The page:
Bringing together the unemployed and currently employed workers can have unexpected spinoffs as Rosslyn car component manufacturer, August L í¤ pple, recently discovered.
When Rosslyn automotive components supplier, August Lí¤pple, piloted the first learnership on automotive components manufacturing and assembly, one of their key aims was “to make the unemployed workers employable,” says Chief Nkosi, the company’s HR co-ordinator dealing with learnerships.
Testament to the learnership’s success is that almost half of the 35 unemployed learner taken on in its Rosslyn factory have found jobs. Eleven have found employment with BMW or Ford, 5 have been taken on by August Lí¤pple and put into apprenticeships as tool, jig and die makers on NQF level 4 and two have found jobs elsewhere in the automotive industry.
But it was the combination of 43 unemployed learners and 43 employed learners taken from its own company that proved the real winner. Working for half a week and studying for half a week saw the 86 learners learn the value of team work.
“It was a joint effort,” says August Lí¤pple training manager, Christo van der Merwe. “They were working as one team based on the principle, “˜if you help us, we’ll help you.'”
The young students had the theoretical advantage which they shared with employed workers. But equally, the worker learners found that they could pass on their knowledge of working the line and other work procedures to their fellow learners.
While most of the unemployed learners have now secured themselves jobs, for the employed learners it “is the first time that a worker has obtained a qualification for the job that he is doing,” says van der Merwe. “Before a worker had 20 years service but he had no documents to prove it. Now with the learnership certificate, he can go anywhere in the motor industry.”
If there’s one problem that still remains it’s the thorny issue of ‘payment for skills acquired’. Long the battle cry of Numsa, the only sector where this is recognised up to a certain skill level, is in the auto assembly sector.
In other sectors, as in August Lí¤pple, even though the employed workers have successfully passed the learnership, their wage rate remains the same.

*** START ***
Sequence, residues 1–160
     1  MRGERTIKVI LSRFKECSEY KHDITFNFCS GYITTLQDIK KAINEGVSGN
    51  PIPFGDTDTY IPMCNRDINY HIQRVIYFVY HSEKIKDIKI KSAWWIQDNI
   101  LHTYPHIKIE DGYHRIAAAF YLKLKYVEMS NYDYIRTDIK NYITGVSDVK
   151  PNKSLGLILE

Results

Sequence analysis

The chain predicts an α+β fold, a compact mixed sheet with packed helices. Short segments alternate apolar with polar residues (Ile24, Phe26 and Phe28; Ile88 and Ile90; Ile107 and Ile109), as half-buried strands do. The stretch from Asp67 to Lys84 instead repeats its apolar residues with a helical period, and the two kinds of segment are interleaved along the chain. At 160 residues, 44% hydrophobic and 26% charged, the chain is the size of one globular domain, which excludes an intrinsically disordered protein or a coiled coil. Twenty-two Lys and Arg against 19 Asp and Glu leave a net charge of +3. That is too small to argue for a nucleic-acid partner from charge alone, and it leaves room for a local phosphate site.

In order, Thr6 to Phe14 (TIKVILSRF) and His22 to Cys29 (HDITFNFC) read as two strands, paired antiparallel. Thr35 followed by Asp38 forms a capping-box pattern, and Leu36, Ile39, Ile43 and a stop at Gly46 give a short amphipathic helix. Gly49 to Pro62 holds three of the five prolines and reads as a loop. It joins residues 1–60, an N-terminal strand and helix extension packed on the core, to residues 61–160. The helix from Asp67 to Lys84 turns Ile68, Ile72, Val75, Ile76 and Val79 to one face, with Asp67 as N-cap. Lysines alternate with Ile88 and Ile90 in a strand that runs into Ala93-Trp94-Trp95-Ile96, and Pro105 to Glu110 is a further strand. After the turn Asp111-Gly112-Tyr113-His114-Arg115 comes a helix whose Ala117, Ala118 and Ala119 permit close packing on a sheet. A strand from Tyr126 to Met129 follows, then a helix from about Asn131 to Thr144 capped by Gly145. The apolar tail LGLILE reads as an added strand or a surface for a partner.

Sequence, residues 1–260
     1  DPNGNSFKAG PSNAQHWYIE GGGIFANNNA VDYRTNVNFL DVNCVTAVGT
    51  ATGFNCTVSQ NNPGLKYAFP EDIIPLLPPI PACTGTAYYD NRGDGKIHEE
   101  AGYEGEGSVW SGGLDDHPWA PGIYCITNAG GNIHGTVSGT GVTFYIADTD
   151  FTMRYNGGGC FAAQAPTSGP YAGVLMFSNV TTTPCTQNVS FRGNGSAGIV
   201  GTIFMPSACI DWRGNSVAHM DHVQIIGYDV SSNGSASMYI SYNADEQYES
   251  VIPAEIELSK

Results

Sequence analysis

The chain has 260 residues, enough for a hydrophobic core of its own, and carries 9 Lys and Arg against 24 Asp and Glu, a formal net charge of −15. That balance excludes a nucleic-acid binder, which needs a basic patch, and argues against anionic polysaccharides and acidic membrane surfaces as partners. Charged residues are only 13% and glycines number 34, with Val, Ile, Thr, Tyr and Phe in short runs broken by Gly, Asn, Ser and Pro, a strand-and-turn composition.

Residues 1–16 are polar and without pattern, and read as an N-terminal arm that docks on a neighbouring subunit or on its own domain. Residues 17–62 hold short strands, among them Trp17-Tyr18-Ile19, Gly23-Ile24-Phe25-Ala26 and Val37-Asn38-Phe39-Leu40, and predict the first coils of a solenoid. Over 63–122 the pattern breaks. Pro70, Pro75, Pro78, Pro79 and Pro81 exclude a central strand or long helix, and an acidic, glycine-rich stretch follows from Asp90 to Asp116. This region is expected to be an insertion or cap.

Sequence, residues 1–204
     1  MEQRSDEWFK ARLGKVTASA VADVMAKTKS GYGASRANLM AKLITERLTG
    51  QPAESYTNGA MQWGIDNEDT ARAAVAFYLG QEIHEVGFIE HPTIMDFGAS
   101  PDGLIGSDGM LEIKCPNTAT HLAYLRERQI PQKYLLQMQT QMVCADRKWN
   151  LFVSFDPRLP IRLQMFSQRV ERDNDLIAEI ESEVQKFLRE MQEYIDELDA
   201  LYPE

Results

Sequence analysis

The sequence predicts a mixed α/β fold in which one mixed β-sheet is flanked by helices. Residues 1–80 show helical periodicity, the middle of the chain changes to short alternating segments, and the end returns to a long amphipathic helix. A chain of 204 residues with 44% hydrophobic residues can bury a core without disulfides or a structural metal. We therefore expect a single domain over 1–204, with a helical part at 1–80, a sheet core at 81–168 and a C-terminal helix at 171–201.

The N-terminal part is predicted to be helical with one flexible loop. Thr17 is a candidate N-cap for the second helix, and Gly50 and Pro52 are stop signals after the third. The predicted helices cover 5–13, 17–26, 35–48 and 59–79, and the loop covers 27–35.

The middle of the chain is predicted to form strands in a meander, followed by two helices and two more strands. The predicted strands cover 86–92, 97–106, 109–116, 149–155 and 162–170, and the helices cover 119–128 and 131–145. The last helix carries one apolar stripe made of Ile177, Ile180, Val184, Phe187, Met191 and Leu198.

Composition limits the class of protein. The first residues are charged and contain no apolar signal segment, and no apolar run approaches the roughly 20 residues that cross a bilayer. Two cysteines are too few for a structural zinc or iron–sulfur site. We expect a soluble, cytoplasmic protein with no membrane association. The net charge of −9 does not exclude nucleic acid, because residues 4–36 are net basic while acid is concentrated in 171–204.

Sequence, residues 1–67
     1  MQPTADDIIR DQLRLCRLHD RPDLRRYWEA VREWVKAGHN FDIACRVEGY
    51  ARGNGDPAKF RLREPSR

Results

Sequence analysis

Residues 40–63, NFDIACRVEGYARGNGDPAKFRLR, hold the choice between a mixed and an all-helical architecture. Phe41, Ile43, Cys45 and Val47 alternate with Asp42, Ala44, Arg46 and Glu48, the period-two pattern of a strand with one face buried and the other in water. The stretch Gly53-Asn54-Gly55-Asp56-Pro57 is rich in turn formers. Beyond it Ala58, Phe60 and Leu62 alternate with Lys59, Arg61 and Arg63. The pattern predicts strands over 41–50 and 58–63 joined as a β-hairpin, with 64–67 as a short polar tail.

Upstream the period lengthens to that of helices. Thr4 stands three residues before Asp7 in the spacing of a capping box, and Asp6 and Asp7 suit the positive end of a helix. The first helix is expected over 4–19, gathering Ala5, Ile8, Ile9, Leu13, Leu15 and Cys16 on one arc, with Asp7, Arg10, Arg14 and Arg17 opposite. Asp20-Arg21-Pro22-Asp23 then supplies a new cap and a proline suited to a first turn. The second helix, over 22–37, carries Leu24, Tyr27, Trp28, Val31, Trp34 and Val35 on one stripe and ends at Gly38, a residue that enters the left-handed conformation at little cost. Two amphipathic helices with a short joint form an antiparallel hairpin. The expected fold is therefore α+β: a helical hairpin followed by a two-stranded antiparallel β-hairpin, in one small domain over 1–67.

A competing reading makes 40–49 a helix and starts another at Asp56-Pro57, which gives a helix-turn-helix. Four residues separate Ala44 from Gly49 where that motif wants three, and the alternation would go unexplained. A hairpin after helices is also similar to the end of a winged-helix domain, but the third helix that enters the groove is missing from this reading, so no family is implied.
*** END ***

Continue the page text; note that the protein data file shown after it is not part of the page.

However van der Merwe points out that as jobs that require those skills become vacant, “these learners can apply and should they get the job, they will be paid at the higher rate.”
In a demonstration of the importance of ‘life-long learning’, 63 year old Andries Motlhamme, a worker at the company with more than 30 years service, was included as one of the learners. Despite having little education, he passed the 29 tests with more than 80%!
Apart from technical training, the learnership teaches important life skills like numeracy and literacy as well. “Before I didn’t know how to bank, cash money together with cheques,” says Motlhamme. “Now I can do all these things. And HIV/Aids, most of our people are involved with this illness. Now I try to tell them about this illness.”
Learnership to continue
From November 2004 the next bunch of learners will take their places. A big disappointment is that this time only 24 learners will be taught (12 employed/12 unemployed).
However, Boas Khule, Numsa’s full-time shop steward in the company, is confident that training will continue. “This company never had this thing before. We had apprenticeships, some were pulled in as artisan trainees but they were marginalised.”
With the new November intake, workers from inside the plant can nominate unemployed learners with the balance of names coming from the register of unemployed workers from local Department of Labour offices.
The minimum qualification for unemployed learners will be matric maths/ technical drawing and English.
But workers stressed that prospective learners should not see the learnership as a time to relax. With regular tests and assignments “you must be committed,” they say. This means studying after work, writing assignments and getting them in on time.
What the learners say:
… the employed learners
63 year old Andries Motlhamme with 30 years service
I never got an opportunity to finish schooling. There were ten children and my father had no full-time job.
I have 2 boys and 2 girls at home all with matric but they are all unemployed.
I’m proud of this company that it gave me something.
But on the money side I’m not proud. You put my service on this hand and my wages on this hand and somehow it doesn’t match up!
Jerry Leso with almost 10 years service
I learnt a lot. Now I can do things on my own. I think I can now supervise and lead.
I can be a team leader. I learnt how to manage people, how to encourage people.
I also learnt drawing skills.
David Molomo with 13 years service
Those from outside (the unemployed), sometimes they remained and helped us with the theoretical stuff.
… the unemployed learners who are now doing an apprenticeship as tool, jig and die makers on NQF level 4.
Jabu Mashishi, Cynthia Maphiri, Robert Moatshe
At college we got no experience. It was good to be able to apply our knowledge.
From the employed learners we learnt ways of working, working procedures, they shared all their knowledge and skills with us.
We think the time frame was too short. The learnership should be at least two years. It is too much to learn in one year!